I also want to say that there's something to this idea of owning the sin. I don't like all of their formulations of it, but coonsider the repentance in Daniel 9 and Ezra 9, and think of Isaiah's identification with his people's sin in chapter 6. This is throughout the Bible, but these are obvious examples. Our western individualism leads us to miss the group solidarity the Hebrew mindset simply assumed. I'm not eternally responsible for the sins of people in my country that I've never met, but there's a sense in which I as an American bear some responsibility. I'm a U.S. citizen, and this is what the Unites States is like. That means I'm part of that, even if I'm not doing it myself. This goes as much for the general rejection of God as revealed in scripture as it does for anything to do with homosexuality (another place where I think the emphasis in the Dougs' piece is off, though they do begin to get into that with the failed fatherhood issue).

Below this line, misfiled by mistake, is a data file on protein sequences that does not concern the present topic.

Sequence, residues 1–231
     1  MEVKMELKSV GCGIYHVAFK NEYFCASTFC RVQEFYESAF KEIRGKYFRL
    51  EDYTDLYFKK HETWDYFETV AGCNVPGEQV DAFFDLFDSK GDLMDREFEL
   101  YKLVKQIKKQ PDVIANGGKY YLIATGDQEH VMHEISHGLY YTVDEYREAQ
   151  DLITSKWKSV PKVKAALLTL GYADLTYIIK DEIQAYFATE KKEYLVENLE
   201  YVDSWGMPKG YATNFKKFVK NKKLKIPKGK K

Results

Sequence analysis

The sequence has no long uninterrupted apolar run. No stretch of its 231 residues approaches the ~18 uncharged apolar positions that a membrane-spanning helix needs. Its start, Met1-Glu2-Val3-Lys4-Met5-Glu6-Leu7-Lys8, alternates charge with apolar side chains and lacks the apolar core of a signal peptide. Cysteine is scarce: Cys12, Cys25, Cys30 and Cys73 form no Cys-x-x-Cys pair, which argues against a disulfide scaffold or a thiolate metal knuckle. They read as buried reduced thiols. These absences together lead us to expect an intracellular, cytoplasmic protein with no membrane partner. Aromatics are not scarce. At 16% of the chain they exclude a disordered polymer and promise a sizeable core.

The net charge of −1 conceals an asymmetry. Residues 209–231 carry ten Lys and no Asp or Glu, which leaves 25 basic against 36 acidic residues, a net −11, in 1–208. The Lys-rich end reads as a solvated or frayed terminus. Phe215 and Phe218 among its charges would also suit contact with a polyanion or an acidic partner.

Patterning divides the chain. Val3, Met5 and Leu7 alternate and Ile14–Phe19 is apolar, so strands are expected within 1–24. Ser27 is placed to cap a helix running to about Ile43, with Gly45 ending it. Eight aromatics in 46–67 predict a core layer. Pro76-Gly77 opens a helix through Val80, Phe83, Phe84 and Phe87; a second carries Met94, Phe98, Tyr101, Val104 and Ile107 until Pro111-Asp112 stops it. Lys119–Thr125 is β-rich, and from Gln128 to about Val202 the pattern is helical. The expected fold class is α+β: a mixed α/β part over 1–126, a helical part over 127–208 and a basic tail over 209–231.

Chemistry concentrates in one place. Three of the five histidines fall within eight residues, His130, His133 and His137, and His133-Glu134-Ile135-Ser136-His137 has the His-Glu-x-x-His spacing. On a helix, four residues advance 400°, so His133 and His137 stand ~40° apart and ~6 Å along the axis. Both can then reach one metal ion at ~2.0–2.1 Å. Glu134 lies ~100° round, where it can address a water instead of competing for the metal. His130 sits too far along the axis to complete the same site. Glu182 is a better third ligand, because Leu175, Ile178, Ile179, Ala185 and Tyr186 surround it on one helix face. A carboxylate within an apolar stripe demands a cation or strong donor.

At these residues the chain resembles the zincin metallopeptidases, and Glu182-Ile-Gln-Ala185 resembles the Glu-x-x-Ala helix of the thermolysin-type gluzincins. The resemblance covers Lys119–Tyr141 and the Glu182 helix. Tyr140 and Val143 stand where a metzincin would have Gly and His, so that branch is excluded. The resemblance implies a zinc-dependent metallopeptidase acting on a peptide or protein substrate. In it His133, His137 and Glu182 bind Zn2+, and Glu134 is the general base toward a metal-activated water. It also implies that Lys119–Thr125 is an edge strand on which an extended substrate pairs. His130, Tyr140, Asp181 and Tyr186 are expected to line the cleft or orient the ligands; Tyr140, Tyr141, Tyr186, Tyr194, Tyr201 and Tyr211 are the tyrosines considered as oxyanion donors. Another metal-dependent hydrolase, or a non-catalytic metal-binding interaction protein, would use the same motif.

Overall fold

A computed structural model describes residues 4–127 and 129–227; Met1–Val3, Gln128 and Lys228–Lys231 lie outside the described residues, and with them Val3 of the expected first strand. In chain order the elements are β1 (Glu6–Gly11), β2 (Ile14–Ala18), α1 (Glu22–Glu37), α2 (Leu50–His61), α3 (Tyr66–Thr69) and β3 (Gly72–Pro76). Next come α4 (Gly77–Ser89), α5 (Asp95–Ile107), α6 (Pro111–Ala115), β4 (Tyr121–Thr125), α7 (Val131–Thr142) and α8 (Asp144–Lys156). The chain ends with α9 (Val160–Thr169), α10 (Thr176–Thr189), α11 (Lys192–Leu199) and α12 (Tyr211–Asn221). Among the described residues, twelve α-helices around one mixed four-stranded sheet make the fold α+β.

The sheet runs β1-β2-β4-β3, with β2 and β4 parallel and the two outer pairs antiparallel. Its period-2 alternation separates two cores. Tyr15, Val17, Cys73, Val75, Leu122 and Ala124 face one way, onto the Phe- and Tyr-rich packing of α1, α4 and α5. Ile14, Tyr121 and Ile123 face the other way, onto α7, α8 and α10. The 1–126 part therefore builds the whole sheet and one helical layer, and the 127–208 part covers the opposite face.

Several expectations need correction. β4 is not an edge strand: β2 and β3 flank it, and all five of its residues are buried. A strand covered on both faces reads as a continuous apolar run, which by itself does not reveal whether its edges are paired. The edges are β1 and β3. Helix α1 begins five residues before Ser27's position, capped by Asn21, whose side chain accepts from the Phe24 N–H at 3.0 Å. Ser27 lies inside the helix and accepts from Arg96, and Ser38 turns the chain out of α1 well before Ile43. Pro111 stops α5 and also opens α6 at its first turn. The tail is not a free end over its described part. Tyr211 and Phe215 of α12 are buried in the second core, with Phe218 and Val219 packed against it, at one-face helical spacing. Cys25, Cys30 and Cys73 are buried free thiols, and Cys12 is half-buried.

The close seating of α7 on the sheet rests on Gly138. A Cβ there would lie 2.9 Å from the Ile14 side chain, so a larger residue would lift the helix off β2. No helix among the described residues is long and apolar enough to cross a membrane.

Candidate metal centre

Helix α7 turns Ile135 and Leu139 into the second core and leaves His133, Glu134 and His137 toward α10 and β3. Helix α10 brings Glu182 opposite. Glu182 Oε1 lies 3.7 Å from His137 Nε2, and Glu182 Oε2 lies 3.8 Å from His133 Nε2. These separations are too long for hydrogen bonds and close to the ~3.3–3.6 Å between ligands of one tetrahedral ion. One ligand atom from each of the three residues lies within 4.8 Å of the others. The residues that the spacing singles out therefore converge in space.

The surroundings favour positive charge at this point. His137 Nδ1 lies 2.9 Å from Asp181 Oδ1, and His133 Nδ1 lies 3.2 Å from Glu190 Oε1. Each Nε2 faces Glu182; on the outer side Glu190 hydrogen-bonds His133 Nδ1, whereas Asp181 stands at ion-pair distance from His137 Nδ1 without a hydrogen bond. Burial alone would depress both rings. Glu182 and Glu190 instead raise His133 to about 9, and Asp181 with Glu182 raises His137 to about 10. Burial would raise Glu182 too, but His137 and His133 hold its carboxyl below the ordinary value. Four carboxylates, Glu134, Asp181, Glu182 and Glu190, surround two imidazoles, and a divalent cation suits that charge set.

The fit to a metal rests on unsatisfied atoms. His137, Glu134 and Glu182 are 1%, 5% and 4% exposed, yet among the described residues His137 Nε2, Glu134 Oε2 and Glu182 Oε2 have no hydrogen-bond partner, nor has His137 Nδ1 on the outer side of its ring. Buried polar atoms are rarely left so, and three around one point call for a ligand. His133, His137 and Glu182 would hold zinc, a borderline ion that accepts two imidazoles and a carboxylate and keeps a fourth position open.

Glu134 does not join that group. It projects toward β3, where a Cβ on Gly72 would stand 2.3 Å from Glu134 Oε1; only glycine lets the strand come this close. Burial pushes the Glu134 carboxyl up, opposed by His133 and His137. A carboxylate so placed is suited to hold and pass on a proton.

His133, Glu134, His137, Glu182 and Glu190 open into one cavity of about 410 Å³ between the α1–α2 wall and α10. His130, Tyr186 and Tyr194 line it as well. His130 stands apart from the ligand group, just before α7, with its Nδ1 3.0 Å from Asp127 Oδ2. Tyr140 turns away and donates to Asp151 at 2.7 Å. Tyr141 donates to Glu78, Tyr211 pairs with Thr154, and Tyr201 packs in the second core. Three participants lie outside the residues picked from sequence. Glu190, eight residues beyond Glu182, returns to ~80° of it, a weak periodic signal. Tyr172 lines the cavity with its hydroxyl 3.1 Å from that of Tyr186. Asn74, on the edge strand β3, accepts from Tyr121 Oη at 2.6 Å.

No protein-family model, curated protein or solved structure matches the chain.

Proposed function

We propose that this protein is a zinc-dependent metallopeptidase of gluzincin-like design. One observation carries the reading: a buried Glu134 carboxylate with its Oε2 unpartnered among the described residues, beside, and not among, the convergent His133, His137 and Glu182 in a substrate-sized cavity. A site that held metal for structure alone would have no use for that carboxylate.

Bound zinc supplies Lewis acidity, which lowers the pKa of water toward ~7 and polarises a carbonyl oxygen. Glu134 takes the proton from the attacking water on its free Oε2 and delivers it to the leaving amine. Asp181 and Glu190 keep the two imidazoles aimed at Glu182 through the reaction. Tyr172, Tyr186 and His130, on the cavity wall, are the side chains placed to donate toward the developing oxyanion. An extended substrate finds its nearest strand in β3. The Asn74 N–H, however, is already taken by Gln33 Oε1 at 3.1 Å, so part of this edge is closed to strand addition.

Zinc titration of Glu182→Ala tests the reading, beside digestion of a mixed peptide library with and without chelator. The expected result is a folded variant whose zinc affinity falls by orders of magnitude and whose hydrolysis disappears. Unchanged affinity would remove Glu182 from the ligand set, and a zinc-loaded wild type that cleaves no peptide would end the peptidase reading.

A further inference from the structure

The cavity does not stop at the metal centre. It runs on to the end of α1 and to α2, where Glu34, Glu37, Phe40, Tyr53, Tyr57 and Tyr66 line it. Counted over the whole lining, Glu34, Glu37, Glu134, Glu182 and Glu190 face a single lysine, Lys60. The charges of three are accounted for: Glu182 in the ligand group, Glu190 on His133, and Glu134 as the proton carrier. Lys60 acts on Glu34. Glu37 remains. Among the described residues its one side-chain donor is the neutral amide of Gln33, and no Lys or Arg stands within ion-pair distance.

I also don't think they go far enough with welcoming gays. They say we should welcome refugees from the homosexual lifestyle into the church. I think the apostles would frown on limiting it to that. We should welcome those who are gay and proud of it, who are in sexually active gay relationships. We should welcome them to seek out Jesus the same way we should welcome anyone. This means welcoming them at our church meetings. It means not constantly focusing on this one issue. It means speaking the truth of what the Bible says, but it means focusing primarily on the gospel and speaking to the more fundamental issues most of the time. It means spending time with people who are gay, proud of it, and actively in gay relationships. It means being friends with them and enjoying their company. It means seeking to understand them. It's too easy just to say that you love the sinner but hate the sin. That doesn't cut it.